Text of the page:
Making Meaning in Public Spaces
Meaning making in public space takes as its material emerging modes of spatial production and their associated social, cultural, technical and economic processes. It questions how artistic practices can intervene in the economic, social and political processes of place making, developing both pragmatic and critical responses to current challenges in the development of public space and public culture. These issues are addressed through a multi-modal approach that incorporates new formulations of public art and participatory models, changing formulations of public-ness manifested through critical art practice, interdisciplinary collaborations, with methods including sound, performance, digital media and computational processes, as well as curatorial and exhibition-making practices.
This wide-ranging research forms partnerships across disciplines with urban planning architecture, computing and geography using art practice as a vector/vehicle for sustained investigation that produces new insights into spatiality, movement and habitability in the city.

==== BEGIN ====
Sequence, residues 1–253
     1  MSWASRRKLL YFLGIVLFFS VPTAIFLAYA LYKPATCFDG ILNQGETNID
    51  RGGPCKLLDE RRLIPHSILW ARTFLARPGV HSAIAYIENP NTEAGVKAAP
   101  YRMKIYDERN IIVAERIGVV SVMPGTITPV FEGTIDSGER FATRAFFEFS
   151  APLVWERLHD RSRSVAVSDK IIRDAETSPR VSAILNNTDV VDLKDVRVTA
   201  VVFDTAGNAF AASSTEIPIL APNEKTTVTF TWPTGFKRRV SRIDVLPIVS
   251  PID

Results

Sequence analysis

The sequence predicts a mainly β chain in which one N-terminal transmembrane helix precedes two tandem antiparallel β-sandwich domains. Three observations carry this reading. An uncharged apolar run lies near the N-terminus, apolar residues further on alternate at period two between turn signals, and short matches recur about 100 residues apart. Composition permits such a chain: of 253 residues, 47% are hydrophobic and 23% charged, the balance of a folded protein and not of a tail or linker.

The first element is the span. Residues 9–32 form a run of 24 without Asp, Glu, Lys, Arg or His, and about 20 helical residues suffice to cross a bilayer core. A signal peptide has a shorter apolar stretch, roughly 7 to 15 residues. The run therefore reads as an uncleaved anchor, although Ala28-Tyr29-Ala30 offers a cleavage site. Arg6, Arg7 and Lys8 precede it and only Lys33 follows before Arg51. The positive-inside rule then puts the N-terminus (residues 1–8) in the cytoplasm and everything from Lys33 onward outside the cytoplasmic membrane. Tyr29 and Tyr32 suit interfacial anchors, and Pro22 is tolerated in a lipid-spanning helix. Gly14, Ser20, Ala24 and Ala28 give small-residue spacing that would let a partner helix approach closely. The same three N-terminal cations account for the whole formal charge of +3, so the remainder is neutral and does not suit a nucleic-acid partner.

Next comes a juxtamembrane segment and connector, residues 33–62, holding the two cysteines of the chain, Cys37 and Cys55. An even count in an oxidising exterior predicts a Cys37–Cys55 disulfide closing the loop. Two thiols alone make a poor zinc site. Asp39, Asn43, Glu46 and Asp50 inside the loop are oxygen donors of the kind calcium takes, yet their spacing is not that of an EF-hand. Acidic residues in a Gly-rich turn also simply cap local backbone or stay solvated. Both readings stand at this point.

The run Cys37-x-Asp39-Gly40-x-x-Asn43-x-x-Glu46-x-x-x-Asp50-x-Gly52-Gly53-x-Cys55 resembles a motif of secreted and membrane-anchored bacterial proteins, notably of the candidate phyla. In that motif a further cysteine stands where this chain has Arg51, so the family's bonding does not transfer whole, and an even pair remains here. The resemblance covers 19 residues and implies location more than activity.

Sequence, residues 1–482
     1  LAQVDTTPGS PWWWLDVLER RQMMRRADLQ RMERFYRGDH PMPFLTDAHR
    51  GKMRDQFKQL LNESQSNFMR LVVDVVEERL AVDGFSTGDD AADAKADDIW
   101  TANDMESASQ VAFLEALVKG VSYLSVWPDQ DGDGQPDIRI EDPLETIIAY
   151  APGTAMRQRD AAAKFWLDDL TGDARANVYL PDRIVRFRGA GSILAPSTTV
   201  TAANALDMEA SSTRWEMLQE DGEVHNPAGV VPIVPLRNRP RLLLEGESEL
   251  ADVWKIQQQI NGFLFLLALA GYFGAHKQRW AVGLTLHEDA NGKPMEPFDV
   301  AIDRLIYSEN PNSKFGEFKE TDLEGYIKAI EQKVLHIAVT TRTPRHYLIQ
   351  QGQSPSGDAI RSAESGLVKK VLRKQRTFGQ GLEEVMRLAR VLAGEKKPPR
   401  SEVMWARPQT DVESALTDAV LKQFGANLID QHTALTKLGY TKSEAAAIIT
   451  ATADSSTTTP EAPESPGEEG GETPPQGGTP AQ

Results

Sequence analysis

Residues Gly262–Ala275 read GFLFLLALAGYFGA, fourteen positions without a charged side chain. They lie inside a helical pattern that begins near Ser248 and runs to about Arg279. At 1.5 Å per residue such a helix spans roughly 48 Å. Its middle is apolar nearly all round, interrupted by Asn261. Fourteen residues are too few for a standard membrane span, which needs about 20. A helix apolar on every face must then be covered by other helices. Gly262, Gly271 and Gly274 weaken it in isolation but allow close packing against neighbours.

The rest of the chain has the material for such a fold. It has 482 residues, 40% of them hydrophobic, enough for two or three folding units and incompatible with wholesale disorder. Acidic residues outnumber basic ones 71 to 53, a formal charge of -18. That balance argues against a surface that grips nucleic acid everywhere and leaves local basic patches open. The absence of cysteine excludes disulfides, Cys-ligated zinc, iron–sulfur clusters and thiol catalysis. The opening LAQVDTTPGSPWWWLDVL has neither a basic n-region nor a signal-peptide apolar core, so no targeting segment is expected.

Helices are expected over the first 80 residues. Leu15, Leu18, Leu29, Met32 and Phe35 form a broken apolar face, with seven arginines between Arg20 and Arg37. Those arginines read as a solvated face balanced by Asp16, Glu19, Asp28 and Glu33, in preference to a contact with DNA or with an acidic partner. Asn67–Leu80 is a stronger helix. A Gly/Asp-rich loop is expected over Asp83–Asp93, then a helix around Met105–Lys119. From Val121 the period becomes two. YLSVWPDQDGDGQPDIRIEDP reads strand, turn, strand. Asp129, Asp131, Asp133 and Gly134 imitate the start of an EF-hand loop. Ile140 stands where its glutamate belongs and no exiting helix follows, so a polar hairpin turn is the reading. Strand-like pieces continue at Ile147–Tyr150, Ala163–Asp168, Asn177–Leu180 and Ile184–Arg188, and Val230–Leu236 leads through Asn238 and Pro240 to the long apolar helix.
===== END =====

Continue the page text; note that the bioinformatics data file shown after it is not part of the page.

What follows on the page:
Post Digital Culture
As digital technologies and networks permeate all aspects of contemporary life this research strand seeks to develop new approaches toward aesthetics that emanate from the intersection of technology and the everyday in a post-digital world. Post-digital is understood as a scenario in which the digital is embedded in all aspects of our social, cultural, political and economic lives so that it is increasingly difficult to identify practices not mediated through digital technologies in some aspect. This research strand will concentrate on contemporary art and experimental artistic practice. While it has a particular interest in the role of contemporary media and computational technologies it transcends disciplines encompassing questions of the material-turn and critical making as evidenced in a return to making, craft and skill.